What is the best way to tell if your home has a septic tank? There are generally a few of different methods to tell. Examining your water bill might help you identify whether or not your house is served by a septic system or is part of the public sewage system in your neighborhood. If you have a septic system for wastewater management, you are likely to receive a charge from the utility provider for wastewater or sewer services of zero dollars. In the case of those who are fortunate enough to have a septic system, it is likely that they may not receive any water bills at all.

If the water pipe that brings water into your home does not have a meter attached to it, that is a problem.

Why It’s Important to Know the Location of Your Septic Tank

You might wonder why you should bother trying to discover out where your septic tank is. There are several important reasons for this:

1. To Be Able to Care for It Properly

The first reason you should try to locate your septic tank is that knowing where it is will help you to properly repair and care for it in the future. The standard guideline is to avoid erecting structures or placing heavy objects on top of the septic tank.

It’s possible that you don’t want to park your car or truck on top of it, and you don’t want visitors to your house to park their cars on top of it, either. Due to the weight of the automobiles, there is a possibility that the tank would collapse due to excessive pressure.

2. If You Want to Landscape or Remodel Your Property

If you want to build an addition to your home or perform some landscaping around your property, you will need to know where your septic tank is located. Nothing with deep or lengthy roots should be planted on top of or in the area of your tank, since this can cause problems. If roots are allowed to grow into the pipes of your septic system, it is conceivable that your system will get clogged. When you know where the tank is going to be, you may arrange your landscaping such that only shallow-rooted plants, such as grass, are in close proximity to the tank.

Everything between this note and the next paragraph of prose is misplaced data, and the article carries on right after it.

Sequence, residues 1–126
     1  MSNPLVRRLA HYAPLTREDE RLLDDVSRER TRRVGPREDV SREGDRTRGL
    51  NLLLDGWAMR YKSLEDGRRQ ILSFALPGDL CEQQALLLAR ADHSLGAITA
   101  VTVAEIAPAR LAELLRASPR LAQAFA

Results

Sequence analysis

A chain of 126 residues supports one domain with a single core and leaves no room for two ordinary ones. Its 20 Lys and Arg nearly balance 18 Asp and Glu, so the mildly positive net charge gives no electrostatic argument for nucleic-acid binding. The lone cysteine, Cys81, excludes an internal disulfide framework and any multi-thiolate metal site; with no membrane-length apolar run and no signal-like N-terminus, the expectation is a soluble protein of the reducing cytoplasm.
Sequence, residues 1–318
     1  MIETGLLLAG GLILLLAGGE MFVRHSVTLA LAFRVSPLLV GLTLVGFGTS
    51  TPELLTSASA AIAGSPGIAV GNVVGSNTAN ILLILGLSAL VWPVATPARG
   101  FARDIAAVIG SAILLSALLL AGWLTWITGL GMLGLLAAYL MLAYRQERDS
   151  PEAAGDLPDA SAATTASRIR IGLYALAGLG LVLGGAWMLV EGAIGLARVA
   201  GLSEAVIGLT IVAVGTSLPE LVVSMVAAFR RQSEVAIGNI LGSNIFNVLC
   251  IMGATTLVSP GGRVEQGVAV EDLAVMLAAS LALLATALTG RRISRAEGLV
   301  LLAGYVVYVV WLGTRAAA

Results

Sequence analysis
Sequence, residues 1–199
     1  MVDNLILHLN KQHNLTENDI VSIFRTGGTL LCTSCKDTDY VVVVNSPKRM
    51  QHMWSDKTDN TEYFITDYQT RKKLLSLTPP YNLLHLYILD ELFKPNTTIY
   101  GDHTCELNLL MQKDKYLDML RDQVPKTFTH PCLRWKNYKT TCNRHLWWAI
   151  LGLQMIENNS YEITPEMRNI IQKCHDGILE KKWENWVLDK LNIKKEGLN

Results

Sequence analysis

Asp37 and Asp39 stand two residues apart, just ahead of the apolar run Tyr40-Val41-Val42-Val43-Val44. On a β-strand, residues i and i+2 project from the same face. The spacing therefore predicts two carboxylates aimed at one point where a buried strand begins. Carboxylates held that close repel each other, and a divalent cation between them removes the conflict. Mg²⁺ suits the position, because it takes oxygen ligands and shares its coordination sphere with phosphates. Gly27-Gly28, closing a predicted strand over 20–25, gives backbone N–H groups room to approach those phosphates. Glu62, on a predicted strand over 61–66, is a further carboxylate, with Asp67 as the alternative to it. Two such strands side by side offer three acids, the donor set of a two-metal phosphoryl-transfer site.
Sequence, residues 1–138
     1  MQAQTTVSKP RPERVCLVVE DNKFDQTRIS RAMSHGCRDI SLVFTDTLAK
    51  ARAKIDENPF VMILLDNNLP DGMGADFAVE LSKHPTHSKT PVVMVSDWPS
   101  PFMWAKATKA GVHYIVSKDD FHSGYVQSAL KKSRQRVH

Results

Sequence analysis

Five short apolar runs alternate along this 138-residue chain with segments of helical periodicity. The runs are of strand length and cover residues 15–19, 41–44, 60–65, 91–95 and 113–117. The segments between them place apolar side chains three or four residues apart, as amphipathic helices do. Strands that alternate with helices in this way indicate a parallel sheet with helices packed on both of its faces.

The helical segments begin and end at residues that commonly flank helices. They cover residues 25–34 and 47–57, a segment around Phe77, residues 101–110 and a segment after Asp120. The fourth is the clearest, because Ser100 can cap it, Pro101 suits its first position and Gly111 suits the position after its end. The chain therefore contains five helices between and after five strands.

For starters, the tank’s weight might lead it to collapse due to the weight of the construction.

3. If a Problem With Your Tank Occurs

Knowing where your tank is buried might also assist you in identifying problems as soon as they arise. Consider the following scenario: you wake up one morning and see that there is flooding or ponding water in the region surrounding your septic tank – a sign that your system is overwhelmed and that an excessive amount of water is being utilized all at once.

4. Ease of Getting It Fixed

Once you have determined the location of your sewer system, you can quickly send a plumber to it in the event that something goes wrong with the system, saving everyone both time and money. Get in Touch With A Plumber Right Away

1. Use a Septic Tank Map